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Canon Unveils the G1 X Mark III, The First PowerShot with an APS-C Sensor


Canon has just announced the PowerShot G1 X Mark III. This latest G-series camera is Canon’s first to boast a large APS-C sensor, the largest sensor ever offered in a Canon point-and-shoot camera.

Inside the premium compact camera is a 24.3-megapixel APS-C CMOS sensor that features an ISO range of 100 to 25600 and Canon’s Dual Pixel CMOS AF. This is also the first time Canon’s Dual Pixel technology has been introduced in its compact cameras — it uses two photodiodes at every pixel site to provide a grid of phase-detection AF elements across the sensor

“This feature, popular amongst enthusiast and professional users, provides extremely fast and smooth autofocus capabilities across nearly the entire focal plane, allowing for more creative compositions when framing a subject away from the center of a shot,” Canon states.

The G1 X Mark III has a continuous shooting speed of 7 frames per second, or 9fps while shooting with fixed AF and the Dual Pixel system.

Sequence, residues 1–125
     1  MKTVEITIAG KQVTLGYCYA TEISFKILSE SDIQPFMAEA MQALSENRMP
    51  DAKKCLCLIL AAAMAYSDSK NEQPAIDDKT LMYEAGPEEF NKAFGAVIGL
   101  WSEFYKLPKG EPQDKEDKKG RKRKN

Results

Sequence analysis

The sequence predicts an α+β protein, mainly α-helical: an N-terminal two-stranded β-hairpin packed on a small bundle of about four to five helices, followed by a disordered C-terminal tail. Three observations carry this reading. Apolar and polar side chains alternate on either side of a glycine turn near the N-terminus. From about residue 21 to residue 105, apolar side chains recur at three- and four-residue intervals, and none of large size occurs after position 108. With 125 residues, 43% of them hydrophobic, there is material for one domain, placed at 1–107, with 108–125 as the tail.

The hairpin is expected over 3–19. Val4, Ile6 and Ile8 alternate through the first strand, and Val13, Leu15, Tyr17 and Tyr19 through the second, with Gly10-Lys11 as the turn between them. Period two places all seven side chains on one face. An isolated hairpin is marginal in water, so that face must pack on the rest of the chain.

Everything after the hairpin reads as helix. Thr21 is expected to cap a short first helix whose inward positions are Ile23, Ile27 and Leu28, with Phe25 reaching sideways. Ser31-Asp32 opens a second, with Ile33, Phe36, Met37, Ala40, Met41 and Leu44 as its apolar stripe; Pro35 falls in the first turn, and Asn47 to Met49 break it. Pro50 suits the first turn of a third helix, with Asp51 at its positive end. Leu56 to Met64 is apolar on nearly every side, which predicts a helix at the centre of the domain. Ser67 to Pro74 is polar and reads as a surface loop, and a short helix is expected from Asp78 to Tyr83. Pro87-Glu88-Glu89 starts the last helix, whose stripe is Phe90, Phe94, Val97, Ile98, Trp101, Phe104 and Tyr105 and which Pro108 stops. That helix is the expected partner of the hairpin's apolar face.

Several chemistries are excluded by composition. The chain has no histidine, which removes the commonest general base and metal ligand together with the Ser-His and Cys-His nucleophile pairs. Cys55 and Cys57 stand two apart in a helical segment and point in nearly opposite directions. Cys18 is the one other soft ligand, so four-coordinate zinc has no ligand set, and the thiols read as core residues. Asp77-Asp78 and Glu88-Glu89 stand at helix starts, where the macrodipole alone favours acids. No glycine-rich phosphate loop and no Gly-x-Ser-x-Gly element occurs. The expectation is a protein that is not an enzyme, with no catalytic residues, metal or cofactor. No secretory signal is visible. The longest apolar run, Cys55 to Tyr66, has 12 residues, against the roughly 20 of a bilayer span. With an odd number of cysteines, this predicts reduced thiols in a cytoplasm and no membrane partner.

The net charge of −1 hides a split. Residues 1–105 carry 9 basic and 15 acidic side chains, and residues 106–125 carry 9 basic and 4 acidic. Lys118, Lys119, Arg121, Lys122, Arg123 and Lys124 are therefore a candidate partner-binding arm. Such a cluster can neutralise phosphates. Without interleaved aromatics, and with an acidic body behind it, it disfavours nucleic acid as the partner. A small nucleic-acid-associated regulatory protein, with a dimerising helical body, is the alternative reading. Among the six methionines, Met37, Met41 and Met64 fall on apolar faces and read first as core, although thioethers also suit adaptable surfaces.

On the front of the camera is a 24-72mm lens f/2.8-5.6 (35mm equiv.) with 3x zoom and optical image stabilization.

“This provides users with the versatility to shoot in low-light scenarios like a dimly lit restaurant which can frame subjects with beautiful background blur,” Canon says.

On the back of the camera are two ways of framing your shots: a 2.36-million-dot OLED electronic viewfinder (EVF) and a 3-inch Vari-angle touchscreen LCD. A Touch & Drag AF feature lets you adjust your focus or track subjects with your finger on the LCD without taking your eyes away from the EVF.

Other features and specs of the G1 X Mark III include dust and water resistance, a pop-up flash, 1080/60p HD video recording, 5-axis movie image stabilization, Wi-Fi/NFC/Bluetooth wireless connectivity, Panoramic Shot mode for shooting panoramas by swinging the camera, and Time-Lapse Movies.

The Canon PowerShot G1 X Mark III will be available starting in November 2017 with a price tag of $1,299.

Correction: The original version of this article mistakenly featured photos of the Canon G1 X Mark II rather than the new camera. The images have since been updated.